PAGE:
Presumptive Democratic presidential nominee Joe Biden announced on Thursday a plan to reopen the economy “to make sure the reopening is safe and strong and sets the foundation for an economy that works for everyone.”
He also held a round table discussion on reopening the economy with community members in Philadelphia, though President Trump and his administration have already laid out federal guidelines for states to safely reopen in phases amid the coronavirus pandemic.
Amid his discussions with community members, however, Joe Biden claimed George Floyd’s death has had a greater “worldwide impact” than the 1968 assassination of civil rights leader Dr. Martin Luther King Jr.
“Even Dr. King’s assassination did not have the worldwide impact that George Floyd’s death did,” Biden said.
“Because just like television changed the civil rights movement for the better when they saw Bull Conner and his dogs ripping the clothes off elderly black women going to church and fire hoses ripping the skin off of young kids,” the former vice president continued. “All those folks around the country who didn’t have black populations, heard about this, but they didn’t believe it. They saw it. It was impossible to close their eyes.”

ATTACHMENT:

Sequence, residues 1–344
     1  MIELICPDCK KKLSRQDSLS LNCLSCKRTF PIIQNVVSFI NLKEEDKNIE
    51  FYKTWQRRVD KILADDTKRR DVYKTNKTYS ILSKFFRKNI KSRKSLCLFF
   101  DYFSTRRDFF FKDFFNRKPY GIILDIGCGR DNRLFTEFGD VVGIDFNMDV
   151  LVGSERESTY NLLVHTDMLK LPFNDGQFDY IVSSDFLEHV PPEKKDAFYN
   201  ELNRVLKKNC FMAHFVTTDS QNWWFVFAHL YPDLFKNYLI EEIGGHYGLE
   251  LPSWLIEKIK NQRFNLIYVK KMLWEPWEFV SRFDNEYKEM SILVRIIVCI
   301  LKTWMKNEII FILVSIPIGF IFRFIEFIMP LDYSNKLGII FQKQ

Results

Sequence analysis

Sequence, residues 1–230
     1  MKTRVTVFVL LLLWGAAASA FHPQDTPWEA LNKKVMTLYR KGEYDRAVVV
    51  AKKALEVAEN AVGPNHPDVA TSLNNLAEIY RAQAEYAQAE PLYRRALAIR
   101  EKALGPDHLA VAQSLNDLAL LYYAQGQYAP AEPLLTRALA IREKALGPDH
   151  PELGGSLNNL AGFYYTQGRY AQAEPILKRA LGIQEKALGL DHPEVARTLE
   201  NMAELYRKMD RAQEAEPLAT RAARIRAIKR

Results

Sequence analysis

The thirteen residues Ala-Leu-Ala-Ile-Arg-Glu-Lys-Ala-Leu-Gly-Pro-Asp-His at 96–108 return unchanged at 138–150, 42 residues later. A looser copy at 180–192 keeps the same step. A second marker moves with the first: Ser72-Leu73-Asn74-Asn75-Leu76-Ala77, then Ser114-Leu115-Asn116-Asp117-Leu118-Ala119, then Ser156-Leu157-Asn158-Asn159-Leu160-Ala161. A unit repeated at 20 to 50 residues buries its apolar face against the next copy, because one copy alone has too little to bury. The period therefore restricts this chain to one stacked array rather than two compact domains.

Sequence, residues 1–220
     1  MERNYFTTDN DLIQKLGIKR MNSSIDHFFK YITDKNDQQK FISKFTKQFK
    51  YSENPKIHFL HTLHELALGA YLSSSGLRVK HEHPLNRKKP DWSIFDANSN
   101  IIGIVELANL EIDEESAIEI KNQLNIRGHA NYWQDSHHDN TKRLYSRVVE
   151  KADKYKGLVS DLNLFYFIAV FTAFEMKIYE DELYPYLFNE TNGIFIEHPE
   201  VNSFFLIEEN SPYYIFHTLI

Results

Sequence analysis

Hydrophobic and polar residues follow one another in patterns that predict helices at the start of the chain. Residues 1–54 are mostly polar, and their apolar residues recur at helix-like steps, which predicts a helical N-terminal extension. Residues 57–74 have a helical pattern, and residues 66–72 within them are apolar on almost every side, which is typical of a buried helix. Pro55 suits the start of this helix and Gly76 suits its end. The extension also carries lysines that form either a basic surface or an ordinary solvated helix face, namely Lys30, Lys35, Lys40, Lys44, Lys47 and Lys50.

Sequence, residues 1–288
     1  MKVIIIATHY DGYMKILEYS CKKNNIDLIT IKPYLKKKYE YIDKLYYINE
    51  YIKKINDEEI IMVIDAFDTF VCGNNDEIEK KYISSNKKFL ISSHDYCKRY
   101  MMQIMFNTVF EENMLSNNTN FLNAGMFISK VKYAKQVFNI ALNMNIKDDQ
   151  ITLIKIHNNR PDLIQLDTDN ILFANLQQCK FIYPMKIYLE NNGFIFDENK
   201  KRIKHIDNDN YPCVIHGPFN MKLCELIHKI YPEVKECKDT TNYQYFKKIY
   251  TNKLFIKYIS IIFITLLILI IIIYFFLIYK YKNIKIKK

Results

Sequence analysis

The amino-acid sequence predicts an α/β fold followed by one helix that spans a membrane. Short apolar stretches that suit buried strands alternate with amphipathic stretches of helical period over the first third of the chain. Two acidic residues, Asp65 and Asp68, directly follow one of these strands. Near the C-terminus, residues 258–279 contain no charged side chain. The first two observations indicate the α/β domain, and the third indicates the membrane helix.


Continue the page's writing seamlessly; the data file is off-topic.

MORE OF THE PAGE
“What happened to George Floyd– now you got how many people around the country, millions of cellphones. It’s changed the way everybody’s looking at this,” Biden suggested. “Look at the millions of people marching around the world– the world.” Video Below
Joe Biden’s official remarks:
Martin Luther King, Jr., a social activist and Baptist minister, played a key role in the American civil rights movement in the 1960’s. His most famous speech was “I Have a Dream” (1963), in which he spoke of his dream of a United States that is void of segregation and racism.
He worked hard to bring greater equality to America and ensure civil rights for all people, regardless of race. Notably, he brought publicity to major civil rights activities, emphasizing the importance of nonviolent protest. He organized nonviolent protests for freedom, peace and equality between blacks and whites based on his Christian beliefs.
King was largely responsible for the passage of the Civil Rights Act of 1964 and the Voting Rights Act of 1965. The Civil Rights Act banned discrimination in the workforce and public accommodations based on “race, color, religion, or national origin.” King is remembered each year on Martin Luther King, Jr. Day, a U.S. federal holiday since 1986.